ABSTRACT: Presented are the two most common feline tumours. The summarised information is an attempt to provide relevant epidemiology, histology and prognosis for feline skin tumours and lymphoma.

Veterinary professionals encounter patients on a daily basis that are – or potentially could be – suffering from cancer.

The forms that this disease takes are numerous – some being visually obvious, others being more elusive and subtle, thereby making cancer a feasible differential diagnosis for just about any medical case. The field is wide-reaching, the lists exhaustive.

This article sets out to concentrate on the two most prevalent feline tumours – namely lymphoma (accounting for up to 33% of malignant tumours) and the second most common tumour, that of the skin.

Skin tumours

Cats predominantly suffer from malignant tumours and the two types that prevail are soft tissue fibrosarcomas and squamous cell carcinomas (SCC) (Table 1).

Feline fibrosarcoma accounts for up to a quarter of skin tumours in this species. The lesions invade tissues locally and, although capable of metastasis, their potential for – and rate of – spread is low. Wide tumour-free surgical margins of two to three centimetres and ‘mop-up’ radiotherapy in awkward locations, are typical treatment options.

Vaccine-related, intrascapular ibrosarcomas are a complicated sub-group. Their behaviour warrants guidance from oncologists as intervention is challenging.1

Feline squamous cell carcinoma is the next most common feline tumour. Although not exclusive to unpigmented hairless skin, it does predominate in such areas. UV radiation causes DNA damage and these cell line mutations cause a slow, progressive de-differentiation from pre-cancerous change to SCC. Local lymph nodes and the lungs are often involved if spread occurs.

Surgical resection of the typically affected ear pinnae (Figure 1) or radiotherapy/ photodynamic therapy (PDT) of the nasal platum can be curative if the lesions are caught early (Figure 2a & 2b).

Figure 1: Excision of ear pinnae as consequence of SCC

Figure 2a: A SCC seen as a raised mass and ulceration on the nasal platum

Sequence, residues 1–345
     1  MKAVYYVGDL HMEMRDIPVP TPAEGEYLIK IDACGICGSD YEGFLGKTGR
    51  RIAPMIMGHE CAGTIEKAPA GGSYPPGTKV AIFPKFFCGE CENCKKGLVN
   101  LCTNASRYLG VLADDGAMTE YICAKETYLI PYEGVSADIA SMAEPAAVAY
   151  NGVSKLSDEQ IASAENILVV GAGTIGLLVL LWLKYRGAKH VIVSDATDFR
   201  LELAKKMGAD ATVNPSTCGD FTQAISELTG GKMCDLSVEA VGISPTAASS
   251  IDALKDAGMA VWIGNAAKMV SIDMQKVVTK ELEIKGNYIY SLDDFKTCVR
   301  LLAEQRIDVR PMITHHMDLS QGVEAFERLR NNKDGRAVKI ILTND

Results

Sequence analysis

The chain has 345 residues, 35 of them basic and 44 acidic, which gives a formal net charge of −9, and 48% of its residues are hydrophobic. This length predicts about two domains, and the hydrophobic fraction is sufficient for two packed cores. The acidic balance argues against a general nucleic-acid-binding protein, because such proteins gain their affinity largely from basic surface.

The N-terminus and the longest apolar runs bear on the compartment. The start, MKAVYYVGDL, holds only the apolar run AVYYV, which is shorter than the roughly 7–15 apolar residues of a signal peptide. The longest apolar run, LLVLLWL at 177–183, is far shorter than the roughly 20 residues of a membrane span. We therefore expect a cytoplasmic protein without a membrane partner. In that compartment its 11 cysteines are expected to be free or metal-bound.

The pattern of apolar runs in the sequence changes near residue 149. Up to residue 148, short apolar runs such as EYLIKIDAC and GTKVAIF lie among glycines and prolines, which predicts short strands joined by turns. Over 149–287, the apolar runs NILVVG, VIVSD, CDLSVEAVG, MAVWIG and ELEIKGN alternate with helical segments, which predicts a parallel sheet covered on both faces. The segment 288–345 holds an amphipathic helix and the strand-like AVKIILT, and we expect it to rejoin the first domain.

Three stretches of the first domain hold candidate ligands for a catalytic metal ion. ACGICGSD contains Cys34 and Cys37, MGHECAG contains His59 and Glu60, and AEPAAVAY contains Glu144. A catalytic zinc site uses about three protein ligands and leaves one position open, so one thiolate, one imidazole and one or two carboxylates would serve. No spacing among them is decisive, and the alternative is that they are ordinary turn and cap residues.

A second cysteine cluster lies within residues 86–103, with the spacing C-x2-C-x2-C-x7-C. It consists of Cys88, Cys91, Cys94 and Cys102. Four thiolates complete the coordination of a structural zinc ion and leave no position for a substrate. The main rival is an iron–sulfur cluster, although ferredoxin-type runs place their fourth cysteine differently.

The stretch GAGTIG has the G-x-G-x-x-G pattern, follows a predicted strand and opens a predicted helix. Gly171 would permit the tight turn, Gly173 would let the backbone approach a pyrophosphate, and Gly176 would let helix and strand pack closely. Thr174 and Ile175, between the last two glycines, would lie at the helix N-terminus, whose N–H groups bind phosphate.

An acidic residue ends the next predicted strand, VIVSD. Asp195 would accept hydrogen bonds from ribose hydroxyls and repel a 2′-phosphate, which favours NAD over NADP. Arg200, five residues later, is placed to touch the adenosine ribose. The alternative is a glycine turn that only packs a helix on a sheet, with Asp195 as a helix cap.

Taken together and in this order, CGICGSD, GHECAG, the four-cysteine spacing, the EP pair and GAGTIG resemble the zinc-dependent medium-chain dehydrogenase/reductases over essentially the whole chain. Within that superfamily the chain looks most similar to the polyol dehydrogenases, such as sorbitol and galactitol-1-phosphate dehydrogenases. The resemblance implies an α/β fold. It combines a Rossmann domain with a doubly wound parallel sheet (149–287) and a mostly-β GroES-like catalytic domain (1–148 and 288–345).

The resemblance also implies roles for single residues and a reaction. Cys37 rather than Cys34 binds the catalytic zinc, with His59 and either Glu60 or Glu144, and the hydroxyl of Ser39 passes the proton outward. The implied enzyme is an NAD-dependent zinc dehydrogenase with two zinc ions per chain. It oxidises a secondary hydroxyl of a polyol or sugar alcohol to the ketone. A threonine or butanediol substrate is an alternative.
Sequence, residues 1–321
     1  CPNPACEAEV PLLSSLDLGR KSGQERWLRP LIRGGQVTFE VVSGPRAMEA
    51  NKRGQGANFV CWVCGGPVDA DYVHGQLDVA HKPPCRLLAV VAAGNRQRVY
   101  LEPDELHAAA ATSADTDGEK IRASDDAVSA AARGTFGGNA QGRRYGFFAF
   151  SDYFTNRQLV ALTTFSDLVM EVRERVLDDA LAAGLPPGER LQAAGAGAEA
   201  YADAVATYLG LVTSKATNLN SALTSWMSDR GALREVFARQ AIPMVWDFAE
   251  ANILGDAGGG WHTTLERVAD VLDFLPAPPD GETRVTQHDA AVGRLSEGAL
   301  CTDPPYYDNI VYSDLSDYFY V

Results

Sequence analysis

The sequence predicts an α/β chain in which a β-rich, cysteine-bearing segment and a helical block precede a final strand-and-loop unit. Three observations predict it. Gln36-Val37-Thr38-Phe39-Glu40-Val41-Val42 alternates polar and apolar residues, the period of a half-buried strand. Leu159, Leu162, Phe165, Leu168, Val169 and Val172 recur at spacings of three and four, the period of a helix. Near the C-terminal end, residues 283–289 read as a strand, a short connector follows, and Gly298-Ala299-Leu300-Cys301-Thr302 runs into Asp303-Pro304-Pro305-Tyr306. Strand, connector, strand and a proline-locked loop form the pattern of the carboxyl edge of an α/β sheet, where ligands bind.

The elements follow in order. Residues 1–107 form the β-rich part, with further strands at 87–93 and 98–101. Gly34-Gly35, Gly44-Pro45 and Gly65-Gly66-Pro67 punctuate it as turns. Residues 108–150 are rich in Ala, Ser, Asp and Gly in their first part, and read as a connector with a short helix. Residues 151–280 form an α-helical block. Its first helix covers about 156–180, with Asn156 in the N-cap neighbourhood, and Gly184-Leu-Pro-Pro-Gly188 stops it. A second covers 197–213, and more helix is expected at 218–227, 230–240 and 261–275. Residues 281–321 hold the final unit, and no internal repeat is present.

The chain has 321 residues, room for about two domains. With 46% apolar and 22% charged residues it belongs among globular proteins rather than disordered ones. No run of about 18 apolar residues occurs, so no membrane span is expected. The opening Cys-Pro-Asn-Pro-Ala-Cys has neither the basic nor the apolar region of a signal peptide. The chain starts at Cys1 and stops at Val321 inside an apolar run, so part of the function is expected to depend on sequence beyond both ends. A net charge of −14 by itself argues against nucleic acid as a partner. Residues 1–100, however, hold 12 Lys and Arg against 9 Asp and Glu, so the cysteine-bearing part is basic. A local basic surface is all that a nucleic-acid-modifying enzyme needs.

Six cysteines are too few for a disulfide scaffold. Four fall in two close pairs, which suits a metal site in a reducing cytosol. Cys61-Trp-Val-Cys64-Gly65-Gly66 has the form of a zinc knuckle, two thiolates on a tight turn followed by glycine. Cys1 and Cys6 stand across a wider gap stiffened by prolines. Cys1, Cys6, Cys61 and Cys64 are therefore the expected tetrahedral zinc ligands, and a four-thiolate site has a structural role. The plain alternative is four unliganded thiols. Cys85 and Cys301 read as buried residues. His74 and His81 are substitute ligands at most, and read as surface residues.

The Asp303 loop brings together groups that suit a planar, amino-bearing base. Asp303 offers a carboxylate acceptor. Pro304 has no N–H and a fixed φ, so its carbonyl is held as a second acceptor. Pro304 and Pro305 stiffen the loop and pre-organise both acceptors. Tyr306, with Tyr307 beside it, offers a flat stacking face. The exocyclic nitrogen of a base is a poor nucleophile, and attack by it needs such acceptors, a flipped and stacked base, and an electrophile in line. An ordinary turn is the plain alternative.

Figure 2b: The SCC in the same patient after it had received photodynamic therapy


Feline lymphoma is the most common malignancy in cats, responsible for around 30 per cent of all feline tumours. Historically, approximately 70 per cent of cats with lymphoma would have tested positive for FELV. The affected cats were often young and had a high incidence of mediastinal thymic lymphoma. However, wide implementation of FELV vaccination has seen a reduction in this virus and, consequently, to retro-viral- associated lymphoma.

Lymphoma can also develop in FELV-free cats. Apparent breed susceptibility has been seen in young FELV-negative Siamese cats, which have an increased risk of developing mediastinal lymphoma.2

There is also a population of older cats that are free of FELV, but that show alimentary and nasal lymphomas. As such, lymphoma is complicated by its distribution across a range of ages, its possible relationship with FELV, and its varying organ associations – taking a mediastinal, alimentary or multi-centric form. Indeed, it may occur wherever lymphoid tissue exists, although rarely as a generalised lymphadenopathy (Figure 3).

Figure 3: A lymphoma presenting, uncharacteristically, as a focal lesion on the forehead of a Siamese cat.

Biopsy is the preferred method of diagnosis, and treatment is typically chemotherapy because of the systemic nature of the disease. Surgery for localised masses may be necessary. This approach can see patients go into long¬term remission.


These examples of companion animal cancer demonstrate that tumours can arise anywhere in the body, and with the exception of nerves, all tissue types are well represented – each giving rise to very common tumours.

Regardless of the tissue group, all the tumours represented have a more favourable outcome if they are identified in the initial stage of the disease. So early, definitive testing is a ‘must’ with regard to selection of the best and most appropriate treatment.

Treatment options are wide-ranging and, increasingly, available; but cost, however, will always remain a prohibitive factor. It is undoubtedly true that prevention is the better option; and although this statement may seem outlandishly optimistic, there are areas in which veterinary professionals can influence the incidence of some of the most common tumours: (i) by continuing to implement a vaccination protocol to eliminate retro-viral FELV and its causal links with feline lymphoma; and (ii) by endorsing the use and merits of complete sun block for susceptible animals to reduce the incidence of SCC.

Just as with human cancer, correct treatment is vital, understanding the epidemiology and influencing factors associated with progression of the carcinogenic process will permit intervention and manipulation of the disease at every available stage, especially avoidance of the carcinogens in the first instance. 


Rhian Williams BVM&S BSc MRCVS

Rhian qualified from the Royal (Dick) School of Veterinary Medicine, Edinburgh, in 1997 after gaining a Degree in Pathobiology (Hons 1st Class) from Reading University. She has remained in first-opinion practice since graduating and currently works at Vets on the Park in Cheltenham.

To cite this article use either

DOI: 10.1111/j.2045-0648.2011.00095.x or Veterinary Nursing Journal Vol 26 pp 352-354.


1.   MURPHY. S. (2006) Skin neoplasia in small animals 2, Common feline tumours. In Practice 28: 320-325.

2.   HAYES, A
. (2006) Feline lymphoma; principles of diagnosis and treatment. In Practice 28; 516-524.

Further reading

FRANKS, L. M. and TEICH, N. M. (1991) Introduction to the Cellular and Molecular Biology of Cancer Oxford University Press.

ETTINGER. S. J. and FELDMAN, E. C. (2000) Textbook of Veterinary Internal Medicine. Harcourt Brace.

Veterinary Nursing Journal • VOL 26 • October 2011 •